Eatnamis eatnama láhkái
Lill Tove Fredriksen (Romssa universitehta)
Viečča artihkkala dás (pdf).
Eatnamis eatnama láhkái – When in a new country, follow its ways
In the academic world, the recent focus within indigenous issues has been related to indigenous methodologies, indigenous epistemologies and intellectual self-determination. In this article, I aim to demonstrate the consequences of the Norwegian state’s colonial rule, as it appears in the sea Sami political protest song Sámit. This song reveals a strong critique of the Norwegian authorities’ assimilation policies towards the Sami people at the beginning of the 20th Century, a process sometimes known as Norwegianisation. I aim to read the text using an indigenous perspective, within the framework of a postcolonial discourse.
The dichotomy sámi álbmot – vašálaš (Sami people – enemy) plays an important role in the lyrics. The enemy in this context refers to two distinct groups – the Norwegian authorities and the Sami who are “asleep” and do not take care of their own culture and language or fight for their rights. The title of the article refers to a Sami proverb and the meaning is that you have to adjust to the ways of your new country and be sensitive to the values that prevail there (Gaski 2006: 53). The song explicitly tells people to wake up and be conscious of what is actually happening to their cultural heritage. In this context, I focus on the lyrics and its importance as a weapon against the harsh effects of colonialism.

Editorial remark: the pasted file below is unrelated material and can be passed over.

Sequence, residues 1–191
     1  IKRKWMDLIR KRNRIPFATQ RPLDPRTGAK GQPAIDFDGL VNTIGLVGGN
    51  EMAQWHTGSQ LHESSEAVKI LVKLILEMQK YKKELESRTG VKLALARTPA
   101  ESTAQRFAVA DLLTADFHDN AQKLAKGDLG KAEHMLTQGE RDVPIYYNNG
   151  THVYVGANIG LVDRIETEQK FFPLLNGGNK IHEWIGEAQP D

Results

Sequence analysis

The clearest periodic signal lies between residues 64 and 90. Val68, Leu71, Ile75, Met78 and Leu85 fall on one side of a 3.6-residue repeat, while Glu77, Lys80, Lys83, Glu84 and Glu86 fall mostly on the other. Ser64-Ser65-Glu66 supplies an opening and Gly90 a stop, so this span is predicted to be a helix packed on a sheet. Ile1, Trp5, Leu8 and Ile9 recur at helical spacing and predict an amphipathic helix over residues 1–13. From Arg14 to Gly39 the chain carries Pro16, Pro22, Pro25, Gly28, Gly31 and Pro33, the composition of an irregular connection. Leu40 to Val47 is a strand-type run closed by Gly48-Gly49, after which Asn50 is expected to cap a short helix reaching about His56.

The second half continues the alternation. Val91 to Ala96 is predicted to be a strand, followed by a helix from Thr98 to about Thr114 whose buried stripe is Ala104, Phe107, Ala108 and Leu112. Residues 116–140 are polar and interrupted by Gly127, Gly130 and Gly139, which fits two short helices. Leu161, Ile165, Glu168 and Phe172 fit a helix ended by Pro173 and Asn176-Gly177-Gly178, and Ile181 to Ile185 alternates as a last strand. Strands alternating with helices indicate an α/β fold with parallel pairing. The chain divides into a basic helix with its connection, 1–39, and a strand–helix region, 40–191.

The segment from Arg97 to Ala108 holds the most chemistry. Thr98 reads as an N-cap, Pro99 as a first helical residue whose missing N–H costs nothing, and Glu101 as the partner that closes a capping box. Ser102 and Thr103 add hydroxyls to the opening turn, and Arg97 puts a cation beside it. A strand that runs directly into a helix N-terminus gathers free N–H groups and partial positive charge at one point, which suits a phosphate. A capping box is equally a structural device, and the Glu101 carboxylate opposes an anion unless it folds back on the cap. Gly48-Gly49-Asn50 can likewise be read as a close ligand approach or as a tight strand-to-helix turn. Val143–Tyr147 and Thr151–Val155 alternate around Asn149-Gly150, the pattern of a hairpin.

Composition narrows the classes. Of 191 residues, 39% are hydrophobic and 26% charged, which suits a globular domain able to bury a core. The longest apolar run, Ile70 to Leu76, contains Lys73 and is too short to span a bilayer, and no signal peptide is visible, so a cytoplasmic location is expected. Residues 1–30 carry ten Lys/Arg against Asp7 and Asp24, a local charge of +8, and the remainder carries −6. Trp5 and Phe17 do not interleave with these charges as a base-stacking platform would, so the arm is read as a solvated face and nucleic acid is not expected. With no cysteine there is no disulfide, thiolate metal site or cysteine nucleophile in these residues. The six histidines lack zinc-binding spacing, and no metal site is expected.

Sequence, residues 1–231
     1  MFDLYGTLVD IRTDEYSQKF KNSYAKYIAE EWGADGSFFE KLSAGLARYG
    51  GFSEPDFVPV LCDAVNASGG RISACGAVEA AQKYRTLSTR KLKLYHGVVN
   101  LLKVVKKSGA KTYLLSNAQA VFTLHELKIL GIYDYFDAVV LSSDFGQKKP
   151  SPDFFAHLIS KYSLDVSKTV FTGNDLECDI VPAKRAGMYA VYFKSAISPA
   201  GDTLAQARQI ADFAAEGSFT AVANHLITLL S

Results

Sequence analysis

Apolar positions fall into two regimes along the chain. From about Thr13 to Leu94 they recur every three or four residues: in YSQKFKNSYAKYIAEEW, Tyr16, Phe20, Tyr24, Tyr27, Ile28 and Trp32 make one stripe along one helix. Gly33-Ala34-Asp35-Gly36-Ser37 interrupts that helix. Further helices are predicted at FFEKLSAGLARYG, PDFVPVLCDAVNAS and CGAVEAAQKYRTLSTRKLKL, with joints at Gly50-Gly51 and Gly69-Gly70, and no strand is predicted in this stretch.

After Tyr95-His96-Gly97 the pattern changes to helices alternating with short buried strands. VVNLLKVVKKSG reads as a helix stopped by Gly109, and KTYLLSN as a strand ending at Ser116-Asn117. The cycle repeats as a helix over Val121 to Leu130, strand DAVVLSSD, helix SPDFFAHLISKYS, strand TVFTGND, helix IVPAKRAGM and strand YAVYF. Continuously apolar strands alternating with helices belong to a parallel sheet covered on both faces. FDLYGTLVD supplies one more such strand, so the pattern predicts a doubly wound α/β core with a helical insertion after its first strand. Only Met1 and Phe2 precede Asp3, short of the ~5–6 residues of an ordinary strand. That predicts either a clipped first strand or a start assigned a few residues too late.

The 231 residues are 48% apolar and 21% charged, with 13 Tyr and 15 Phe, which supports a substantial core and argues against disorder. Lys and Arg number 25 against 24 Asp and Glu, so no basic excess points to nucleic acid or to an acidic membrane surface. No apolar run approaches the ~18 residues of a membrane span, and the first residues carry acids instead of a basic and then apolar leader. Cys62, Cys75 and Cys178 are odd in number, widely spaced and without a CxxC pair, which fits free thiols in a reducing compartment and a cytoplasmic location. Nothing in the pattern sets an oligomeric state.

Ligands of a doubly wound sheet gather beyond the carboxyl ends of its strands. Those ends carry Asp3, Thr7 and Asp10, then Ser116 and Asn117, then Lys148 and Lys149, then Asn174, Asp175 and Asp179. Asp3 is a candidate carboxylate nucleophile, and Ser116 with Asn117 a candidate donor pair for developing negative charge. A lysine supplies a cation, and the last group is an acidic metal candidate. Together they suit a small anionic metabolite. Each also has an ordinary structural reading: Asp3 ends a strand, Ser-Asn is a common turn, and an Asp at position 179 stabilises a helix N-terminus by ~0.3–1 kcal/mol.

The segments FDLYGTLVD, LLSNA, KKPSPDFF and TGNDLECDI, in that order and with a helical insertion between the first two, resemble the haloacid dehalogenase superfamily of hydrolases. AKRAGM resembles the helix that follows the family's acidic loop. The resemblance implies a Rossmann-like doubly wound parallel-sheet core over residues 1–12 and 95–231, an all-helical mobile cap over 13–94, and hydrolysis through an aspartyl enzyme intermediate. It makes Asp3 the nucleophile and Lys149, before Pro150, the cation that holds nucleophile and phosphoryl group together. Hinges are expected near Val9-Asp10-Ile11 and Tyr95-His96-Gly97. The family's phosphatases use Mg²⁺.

The song Sámit was first published in the newspaper Lappernes Ven 1/1-1921. It was written by Erke Jovsset, a local man from Porsanger in Northern Norway. It is the only text he ever published and one must wonder why a man with such writing skills never wrote anything else. I have interviewed locals about this song and even his closest family never heard him talk about it. One possible reason is that the song is quite radical in its content and political activists at that time were considered to be unusual by local people.